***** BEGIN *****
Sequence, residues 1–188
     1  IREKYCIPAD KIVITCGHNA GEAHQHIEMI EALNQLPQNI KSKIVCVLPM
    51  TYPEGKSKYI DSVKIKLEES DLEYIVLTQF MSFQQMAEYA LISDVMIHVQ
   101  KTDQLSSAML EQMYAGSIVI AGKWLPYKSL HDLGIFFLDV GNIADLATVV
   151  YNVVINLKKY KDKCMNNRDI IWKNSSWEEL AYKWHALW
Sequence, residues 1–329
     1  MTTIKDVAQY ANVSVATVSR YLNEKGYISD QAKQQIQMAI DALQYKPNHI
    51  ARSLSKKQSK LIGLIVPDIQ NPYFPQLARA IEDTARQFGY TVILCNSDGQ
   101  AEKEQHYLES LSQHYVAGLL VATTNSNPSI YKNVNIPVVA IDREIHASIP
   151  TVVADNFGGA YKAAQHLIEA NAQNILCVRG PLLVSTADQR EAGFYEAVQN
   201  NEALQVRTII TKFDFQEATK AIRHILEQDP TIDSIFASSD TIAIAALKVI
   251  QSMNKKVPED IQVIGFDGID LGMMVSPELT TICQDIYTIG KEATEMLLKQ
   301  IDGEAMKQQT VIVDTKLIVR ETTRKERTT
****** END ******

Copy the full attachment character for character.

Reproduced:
Sequence, residues 1–188
     1  IREKYCIPAD KIVITCGHNA GEAHQHIEMI EALNQLPQNI KSKIVCVLPM
    51  TYPEGKSKYI DSVKIKLEES DLEYIVLTQF MSFQQMAEYA LISDVMIHVQ
   101  KTDQLSSAML EQMYAGSIVI AGKWLPYKSL HDLGIFFLDV GNIADLATVV
   151  YNVVINLKKY KDKCMNNRDI IWKNSSWEEL AYKWHALW
Sequence, residues 1–329
     1  MTTIKDVAQY ANVSVATVSR YLNEKGYISD QAKQQIQMAI DALQYKPNHI
    51  ARSLSKKQSK LIGLIVPDIQ NPYFPQLARA IEDTARQFGY TVILCNSDGQ
   101  AEKEQHYLES LSQHYVAGLL VATTNSNPSI YKNVNIPVVA IDREIHASIP
   151  TVVADNFGGA YKAAQHLIEA NAQNILCVRG PLLVSTADQR EAGFYEAVQN
   201  NEALQVRTII TKFDFQEATK AIRHILEQDP TIDSIFASSD TIAIAALKVI
   251  QSMNKKVPED IQVIGFDGID LGMMVSPELT TICQDIYTIG KEATEMLLKQ
   301  IDGEAMKQQT VIVDTKLIVR ETTRKERTT